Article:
Michel Foucault, Friedrich Kittler, and the interminable half-life of 'so-called man'

Sutherland, Thomas and Patsoura, Elliot (2017) Michel Foucault, Friedrich Kittler, and the interminable half-life of 'so-called man'. Angelaki: Journal of the Theoretical Humanities, 22 (4). pp. 49-68. ISSN 1469-2899

Full content URL: http://www.tandfonline.com/doi/abs/10.1080/0969725...

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Abstract

This article considers Friedrich Kittler’s deterministic media theory as both an appropriation and mutation of Michel Foucault’s archaeological method. Focusing on these two thinkers’ similar but divergent conceptions of the “death of man,” it will be argued that Kittler’s approach attempts to expunge archaeology of its last traces of Kantian transcendentalism by locating the causal agents of epistemic change (viz. media technologies) within the domain of empirical experience (thus tacitly deriving the transcendental from the empirical), but in doing so, actually amplifies the anthropological vestiges that Foucault hoped to eradicate. The result is an alluring, but dogmatically positivist theory of mediatic causality that, in spite of its best efforts, can only reify, rather than dispel, the image of “so-called man.”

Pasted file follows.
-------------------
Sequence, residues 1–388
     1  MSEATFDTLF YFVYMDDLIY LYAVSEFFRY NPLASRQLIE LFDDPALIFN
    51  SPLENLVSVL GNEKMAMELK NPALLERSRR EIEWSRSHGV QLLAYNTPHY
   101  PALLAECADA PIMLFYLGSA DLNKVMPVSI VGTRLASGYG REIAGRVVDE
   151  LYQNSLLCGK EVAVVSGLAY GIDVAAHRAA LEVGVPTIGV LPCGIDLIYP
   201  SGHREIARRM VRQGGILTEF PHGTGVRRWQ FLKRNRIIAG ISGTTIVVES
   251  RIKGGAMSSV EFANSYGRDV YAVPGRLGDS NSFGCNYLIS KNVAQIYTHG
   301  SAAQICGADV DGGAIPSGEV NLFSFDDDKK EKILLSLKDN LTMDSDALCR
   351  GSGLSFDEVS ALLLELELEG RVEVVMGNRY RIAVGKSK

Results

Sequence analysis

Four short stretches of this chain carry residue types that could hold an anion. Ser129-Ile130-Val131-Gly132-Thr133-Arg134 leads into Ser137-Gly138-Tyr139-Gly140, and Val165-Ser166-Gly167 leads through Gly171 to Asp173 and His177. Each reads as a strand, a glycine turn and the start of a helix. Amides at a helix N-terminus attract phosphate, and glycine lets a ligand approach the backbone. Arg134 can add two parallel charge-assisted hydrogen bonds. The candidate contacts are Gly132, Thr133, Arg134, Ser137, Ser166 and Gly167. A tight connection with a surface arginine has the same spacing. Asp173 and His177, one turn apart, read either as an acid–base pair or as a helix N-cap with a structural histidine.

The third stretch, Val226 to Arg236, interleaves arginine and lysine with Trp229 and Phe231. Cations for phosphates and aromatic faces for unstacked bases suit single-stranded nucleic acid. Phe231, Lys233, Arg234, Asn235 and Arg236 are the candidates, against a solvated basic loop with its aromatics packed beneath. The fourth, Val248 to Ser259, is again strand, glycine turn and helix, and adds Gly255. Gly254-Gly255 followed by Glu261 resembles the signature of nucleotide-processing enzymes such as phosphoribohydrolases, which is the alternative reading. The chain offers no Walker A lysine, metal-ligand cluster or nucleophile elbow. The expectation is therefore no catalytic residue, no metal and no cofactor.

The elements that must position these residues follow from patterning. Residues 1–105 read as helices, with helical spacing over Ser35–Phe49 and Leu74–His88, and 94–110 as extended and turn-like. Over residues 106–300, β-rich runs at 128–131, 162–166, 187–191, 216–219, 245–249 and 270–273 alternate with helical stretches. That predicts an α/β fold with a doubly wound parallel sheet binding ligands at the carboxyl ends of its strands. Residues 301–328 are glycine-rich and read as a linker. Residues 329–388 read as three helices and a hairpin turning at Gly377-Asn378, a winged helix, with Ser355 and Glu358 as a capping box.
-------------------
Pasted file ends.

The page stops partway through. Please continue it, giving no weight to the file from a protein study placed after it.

Keywords:Michel Foucault, Friedrich Kittler, humanism, anti-humanism, transcendental, media archaeology
Subjects:V Historical and Philosophical studies > V500 Philosophy
P Mass Communications and Documentation > P300 Media studies
Divisions:College of Arts > Lincoln School of Film & Media > Lincoln School of Film & Media (Media)
ID Code:29900
Deposited On:06 Dec 2017 16:02

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